This Māori Community Used a Surprising Tactic to Avoid Killer Floods

Climate change worsens rainfall that caused devastating floods in South Africa: Study

The type of extreme rainfall that triggered deadly floods in parts of South Africa in April is nearly twice as likely to occur because of climate change, a study by a team of scientists has found.

WWA says that all heatwaves are unilaterally linked to global warming and that the record rainfall that caused deadly flooding across Germany and Belgium in July 2021 was made up to nine times more likely by the climate crisis.

Using peer-reviewed methods, scientists from South Africa, the Netherlands, France, Germany, the United States and Britain carried out what is called an attribution analysis.

They estimated that the probability of a similar flooding event happening has nearly doubled due to climate change caused by greenhouse gas emissions heating up the planet…READ ON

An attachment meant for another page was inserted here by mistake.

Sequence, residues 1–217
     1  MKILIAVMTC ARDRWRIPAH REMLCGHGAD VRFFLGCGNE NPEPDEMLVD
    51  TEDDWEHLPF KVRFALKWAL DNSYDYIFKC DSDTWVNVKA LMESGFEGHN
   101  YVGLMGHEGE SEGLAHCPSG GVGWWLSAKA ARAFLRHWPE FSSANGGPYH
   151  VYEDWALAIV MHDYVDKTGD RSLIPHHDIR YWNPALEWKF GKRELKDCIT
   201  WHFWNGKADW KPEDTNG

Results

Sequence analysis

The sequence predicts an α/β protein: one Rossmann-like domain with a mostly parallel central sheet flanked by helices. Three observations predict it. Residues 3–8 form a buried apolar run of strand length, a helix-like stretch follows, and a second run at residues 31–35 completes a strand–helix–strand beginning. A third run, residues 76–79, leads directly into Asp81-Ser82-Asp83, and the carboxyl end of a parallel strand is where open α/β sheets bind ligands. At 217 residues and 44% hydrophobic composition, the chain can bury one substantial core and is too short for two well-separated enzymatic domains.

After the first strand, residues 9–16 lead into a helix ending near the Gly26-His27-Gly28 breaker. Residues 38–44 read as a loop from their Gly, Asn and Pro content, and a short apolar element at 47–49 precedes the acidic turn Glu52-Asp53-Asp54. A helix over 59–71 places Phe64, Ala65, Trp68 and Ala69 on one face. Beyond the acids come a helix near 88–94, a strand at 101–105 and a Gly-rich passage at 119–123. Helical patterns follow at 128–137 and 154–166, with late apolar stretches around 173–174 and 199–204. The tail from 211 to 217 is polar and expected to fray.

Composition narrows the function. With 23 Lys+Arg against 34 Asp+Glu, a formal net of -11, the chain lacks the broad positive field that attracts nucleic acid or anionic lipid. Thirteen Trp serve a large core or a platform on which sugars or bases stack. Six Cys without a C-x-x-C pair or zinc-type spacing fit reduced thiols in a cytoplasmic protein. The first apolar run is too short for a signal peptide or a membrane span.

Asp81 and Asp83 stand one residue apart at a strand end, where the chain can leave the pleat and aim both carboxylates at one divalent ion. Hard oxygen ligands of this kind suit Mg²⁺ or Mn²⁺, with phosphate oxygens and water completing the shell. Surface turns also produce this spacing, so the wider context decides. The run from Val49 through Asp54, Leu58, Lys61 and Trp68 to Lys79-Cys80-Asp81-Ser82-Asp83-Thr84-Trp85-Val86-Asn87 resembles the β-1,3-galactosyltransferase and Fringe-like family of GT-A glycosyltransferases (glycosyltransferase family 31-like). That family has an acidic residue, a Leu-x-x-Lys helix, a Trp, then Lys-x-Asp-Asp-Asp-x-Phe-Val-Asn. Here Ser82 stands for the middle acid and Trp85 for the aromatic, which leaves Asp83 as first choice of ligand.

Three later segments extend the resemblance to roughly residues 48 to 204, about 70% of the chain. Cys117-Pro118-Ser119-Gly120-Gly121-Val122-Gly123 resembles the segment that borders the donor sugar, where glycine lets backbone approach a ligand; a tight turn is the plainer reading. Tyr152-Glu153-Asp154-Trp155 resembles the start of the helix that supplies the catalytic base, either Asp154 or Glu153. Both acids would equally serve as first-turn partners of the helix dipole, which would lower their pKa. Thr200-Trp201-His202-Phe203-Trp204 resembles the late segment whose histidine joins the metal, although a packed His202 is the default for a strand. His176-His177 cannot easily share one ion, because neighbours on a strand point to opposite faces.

This Māori Community Used a Surprising Tactic to Avoid Killer Floods

Two kilometers inland from Hawke’s Bay on the North Island of New Zealand, a dark-red gate just off the highway marks the entrance to the Tangoio Marae. This marae (meeting place) is where a local Māori hapū (community) holds regular gatherings and ceremonies. The location seems perfect: surrounded by lush green hills, close to the city of Napier, and just a stone’s throw from the ocean.

But why board games? Unlike video games, Bayeck sees board games as fostering a welcoming space because they facilitate in-person connections.

But there is one problem: The marae is at very high risk of flooding. The hapū of Tangoio Marae have a serious decision to make about this place that is so central to their community, and one of their decision-making tools is unorthodox: a board game.Called Marae-opoly, the Māori community designed the game in partnership with researchers from New Zealand’s National Institute of Water and Atmospheric Research with the explicit goal of helping the hapū decide how to manage the flood risk to their marae. While the researchers from NIWA contributed scientific data about known flood risks and projected climate change effects, the hapū brought their own experiences and values to the table during game development brainstorming sessions…READ ON

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